“Some of the conversations that started during the retreats became recurring themes in campus dialogues, and I really feel that the retreats helped participating students find their voices,” he says.
Lester Alemán ’07
- Major: sociology and education
- Position: program director, Posse Los Angeles
- Posse city: Los Angeles
When Lester Alemán attended high school, his college plans were underdeveloped.
“I was thinking very vocationally,” says Alemán, a first-generation college student. “The purpose was to go off and find a career to pay me.”
Fortunately, being nominated for Posse expanded his college possibilities — and it led him to Grinnell.
“I can’t imagine having gone to college without a Posse,” Alemán says.
Posse became an even bigger part of his life after graduation in 2007. Now, he works on behalf of the program to help exceptional students have their own Posse experience. Alemán worked as a trainer for Posse Los Angeles and is now its program director. His academic background as a sociology and education major fit well with building a career at Posse and helping students.
At Grinnell, he experienced “an amazing” Posse mentor, lasting friendships with Posse Scholars, and encouragement to excel academically.
“Posse is a transformational experience,” he says.
A pre-orientation program is helping put new Grinnellians at ease — a week before classes begin — through tours, workshops, and social events.
“It has helped lower my stress,” says Dasaan McCrimmon, a first-year student from Philadelphia, Pa.
The five-day program introduces students to the campus and college resources. Each student is paired with a student mentor.
David Chang, a first-year from San Diego, Calif., lauds the program. “Being in PCPOP with other students from across the nation, and a lot of them being students of color and minority students, I think that’s great,” he says. “It’s great to know people and know where things are.”
Jocelyn Acosta is a mentor and third-year sociology and gender, women’s, and sexuality studies major from El Monte, Calif. “It’s an awesome program,” she says. “It’s important for students to have one-on-one attention.”
PCPOP participants have fun while exploring campus. Some of their activities include:
- Scavenger hunt and campus tour
- Dinner with President Raynard S. Kington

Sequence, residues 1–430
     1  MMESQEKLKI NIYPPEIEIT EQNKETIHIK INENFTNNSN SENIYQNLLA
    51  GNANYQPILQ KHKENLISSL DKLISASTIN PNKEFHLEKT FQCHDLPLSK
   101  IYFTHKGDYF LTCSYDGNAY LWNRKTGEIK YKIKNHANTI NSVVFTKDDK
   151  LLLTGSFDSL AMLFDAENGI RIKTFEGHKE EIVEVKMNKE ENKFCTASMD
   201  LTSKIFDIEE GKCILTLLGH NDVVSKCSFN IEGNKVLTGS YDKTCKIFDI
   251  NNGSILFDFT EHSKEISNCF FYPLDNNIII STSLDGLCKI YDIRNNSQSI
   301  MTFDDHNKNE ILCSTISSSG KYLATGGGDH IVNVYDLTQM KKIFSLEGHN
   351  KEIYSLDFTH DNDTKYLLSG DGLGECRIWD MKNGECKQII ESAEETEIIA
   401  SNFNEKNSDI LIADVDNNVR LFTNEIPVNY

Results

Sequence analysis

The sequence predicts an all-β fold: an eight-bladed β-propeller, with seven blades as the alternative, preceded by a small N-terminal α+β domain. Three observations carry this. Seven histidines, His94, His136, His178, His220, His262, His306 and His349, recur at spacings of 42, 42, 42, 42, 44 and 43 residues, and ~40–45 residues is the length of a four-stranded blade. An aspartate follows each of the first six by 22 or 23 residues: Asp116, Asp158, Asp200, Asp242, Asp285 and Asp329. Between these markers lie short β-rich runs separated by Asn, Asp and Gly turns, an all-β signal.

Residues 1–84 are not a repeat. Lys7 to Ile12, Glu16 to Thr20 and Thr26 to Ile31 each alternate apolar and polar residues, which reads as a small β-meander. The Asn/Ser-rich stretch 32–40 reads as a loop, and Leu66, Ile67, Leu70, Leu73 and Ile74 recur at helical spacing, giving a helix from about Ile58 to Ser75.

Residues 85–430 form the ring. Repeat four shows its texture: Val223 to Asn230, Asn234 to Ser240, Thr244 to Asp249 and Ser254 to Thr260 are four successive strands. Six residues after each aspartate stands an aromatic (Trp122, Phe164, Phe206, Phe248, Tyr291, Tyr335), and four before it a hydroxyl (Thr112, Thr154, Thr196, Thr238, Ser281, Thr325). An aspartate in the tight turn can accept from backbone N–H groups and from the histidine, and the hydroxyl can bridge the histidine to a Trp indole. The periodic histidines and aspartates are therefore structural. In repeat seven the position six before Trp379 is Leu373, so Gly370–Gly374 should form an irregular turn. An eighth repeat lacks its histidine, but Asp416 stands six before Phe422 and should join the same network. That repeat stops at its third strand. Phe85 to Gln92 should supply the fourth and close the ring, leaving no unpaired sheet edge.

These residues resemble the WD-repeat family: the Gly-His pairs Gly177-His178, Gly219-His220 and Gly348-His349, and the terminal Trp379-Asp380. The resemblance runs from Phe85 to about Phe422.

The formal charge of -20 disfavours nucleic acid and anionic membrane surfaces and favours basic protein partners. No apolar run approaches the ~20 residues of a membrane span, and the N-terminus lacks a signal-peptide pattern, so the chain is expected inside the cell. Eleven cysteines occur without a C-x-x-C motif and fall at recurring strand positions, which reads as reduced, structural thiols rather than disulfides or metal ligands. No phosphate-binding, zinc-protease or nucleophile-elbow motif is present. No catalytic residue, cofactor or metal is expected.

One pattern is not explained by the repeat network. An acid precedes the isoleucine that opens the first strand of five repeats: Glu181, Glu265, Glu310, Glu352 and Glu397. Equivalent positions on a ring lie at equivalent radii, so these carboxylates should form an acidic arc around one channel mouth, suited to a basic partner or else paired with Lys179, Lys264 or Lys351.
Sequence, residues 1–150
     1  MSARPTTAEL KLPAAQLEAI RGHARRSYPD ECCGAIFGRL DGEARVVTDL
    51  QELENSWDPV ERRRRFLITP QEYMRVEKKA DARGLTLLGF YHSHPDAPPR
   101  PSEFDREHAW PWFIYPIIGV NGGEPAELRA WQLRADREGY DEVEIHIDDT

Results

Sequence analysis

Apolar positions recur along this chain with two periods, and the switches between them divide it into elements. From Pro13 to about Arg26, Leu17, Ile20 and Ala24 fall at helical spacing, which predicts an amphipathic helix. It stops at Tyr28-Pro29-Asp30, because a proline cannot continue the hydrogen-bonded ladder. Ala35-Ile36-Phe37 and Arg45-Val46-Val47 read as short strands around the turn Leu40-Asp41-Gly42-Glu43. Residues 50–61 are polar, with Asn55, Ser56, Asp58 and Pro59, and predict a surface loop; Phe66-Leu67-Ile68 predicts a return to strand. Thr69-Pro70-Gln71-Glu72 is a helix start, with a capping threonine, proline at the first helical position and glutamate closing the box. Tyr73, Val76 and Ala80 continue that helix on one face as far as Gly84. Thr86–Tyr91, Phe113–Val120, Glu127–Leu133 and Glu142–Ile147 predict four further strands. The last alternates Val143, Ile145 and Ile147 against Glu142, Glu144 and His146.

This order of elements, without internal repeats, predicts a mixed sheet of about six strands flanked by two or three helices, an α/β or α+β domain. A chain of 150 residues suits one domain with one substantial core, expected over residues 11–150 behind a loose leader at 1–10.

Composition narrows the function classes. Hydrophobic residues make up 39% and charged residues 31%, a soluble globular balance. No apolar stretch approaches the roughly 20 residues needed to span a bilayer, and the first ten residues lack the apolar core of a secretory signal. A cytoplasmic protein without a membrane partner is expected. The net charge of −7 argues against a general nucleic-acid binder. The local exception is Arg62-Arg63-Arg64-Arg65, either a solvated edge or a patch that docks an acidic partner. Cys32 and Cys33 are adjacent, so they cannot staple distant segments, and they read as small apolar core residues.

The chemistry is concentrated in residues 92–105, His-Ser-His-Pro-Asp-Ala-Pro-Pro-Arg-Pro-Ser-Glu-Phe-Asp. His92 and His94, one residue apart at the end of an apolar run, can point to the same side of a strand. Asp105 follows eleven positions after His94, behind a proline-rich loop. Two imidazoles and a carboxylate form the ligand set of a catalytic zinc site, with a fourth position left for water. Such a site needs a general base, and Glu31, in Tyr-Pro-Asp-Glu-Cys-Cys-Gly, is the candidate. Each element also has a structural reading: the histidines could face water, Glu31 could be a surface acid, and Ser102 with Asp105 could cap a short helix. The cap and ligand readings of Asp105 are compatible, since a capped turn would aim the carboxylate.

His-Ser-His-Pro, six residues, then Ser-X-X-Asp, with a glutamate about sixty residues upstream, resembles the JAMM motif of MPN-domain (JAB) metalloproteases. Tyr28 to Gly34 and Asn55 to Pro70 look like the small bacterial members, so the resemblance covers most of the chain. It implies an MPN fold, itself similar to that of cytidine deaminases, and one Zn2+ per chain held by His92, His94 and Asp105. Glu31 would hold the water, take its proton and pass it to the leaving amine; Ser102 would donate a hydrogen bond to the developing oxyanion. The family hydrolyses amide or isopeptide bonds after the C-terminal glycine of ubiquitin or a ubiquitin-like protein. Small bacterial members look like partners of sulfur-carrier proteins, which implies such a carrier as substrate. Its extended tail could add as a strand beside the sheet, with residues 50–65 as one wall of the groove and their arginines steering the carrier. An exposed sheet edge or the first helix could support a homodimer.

- Leadership Panel with Student Government Association (SGA)
- Ice Cream Social
- Visits to the writing, reading, and math labs
- Discussion about wellness and financial management
Joan Mohan, director of the Reading Lab, makes students feel comfortable seeking help. She shows them resources about time management and discusses good reading and study habits.
“How did you ever learn anything in your life?” she asks. “It takes time. It takes practice, repetition, perseverance, a little bit of patience, a little bit of bravery, and, me nagging along.”
The program is organized by the Office of Intercultural Engagement and Leadership (OIEL).
Jocelyn Acosta ’16 sociology and gender, women’s, and sexuality studies major from El Monte, Calif. Dasaan McCrimmon, a first-year student from Philadelphia, Pa. David Chang, a first-year student San Diego, Calif.
Upon completing their second year at Grinnell, students in Gender, Women's and Sexuality Studies are eligible to participate in the Colleges Mentored Advanced Project (MAP) Program. The following profiles of past student MAPs highlight the variety of topics that students can pursue in this unique opportunity for scholarly inquiry.
Leslie Bean '13
Studying abroad is not only for Grinnell foreign language majors.
Just ask Vilma Castaneda ’14, a Sociology and Gender, Women's, and Sexuality Studies double-major from Washington, D.C., who studied in the Grinnell-in-London program in fall 2012. She loved London so much, she decided to return for graduate school.
Castaneda begins her graduate program in film studies at King’s College London in fall 2014. She’ll complete a master’s degree her first year, then hopes to move straight into the doctoral program.
Her journey says a lot about the power of Grinnell’s flexibility. Students can tailor their degree programs to meet their specific goals, as Castaneda did.
When Castaneda came to Grinnell College, she loved going to movies for the pure pleasure of it. So, naturally, when she spotted a First-year Tutorial in film, she signed up.
Here’s where the flexibility came in. Although Grinnell does not have a film studies program, Castaneda discovered that a theoretical approach to film allowed her to talk about gender and other issues she cares about. Before that, Castaneda says, “I never conceptualized it as an academic tool, as an intense process.” She registered for every film-related course she could find.
She recently had a paper accepted for publication in Film Matters, a magazine specifically by and for undergraduate film scholars.
Castaneda also jumped at the Grinnell-in-London opportunity. “It was great at structuring experiences outside of the classroom,” she says. The program faculty was also supportive of students in achieving their unique goals.
Castaneda says she’s taken advantage of resources Grinnell College offers to pursue her passion. “I reached out to my professors,” she says. “I expect to have a long-term relationship with them.”
Adds Geller: “I am thrilled Vilma will be able to pursue her academic passion for cinema studies at the postgraduate level. She presented her work at last year's undergraduate Society for Cinema and Media Studies national conference and now she will be able to continue that research as a master's student. It’s an impressive trajectory.”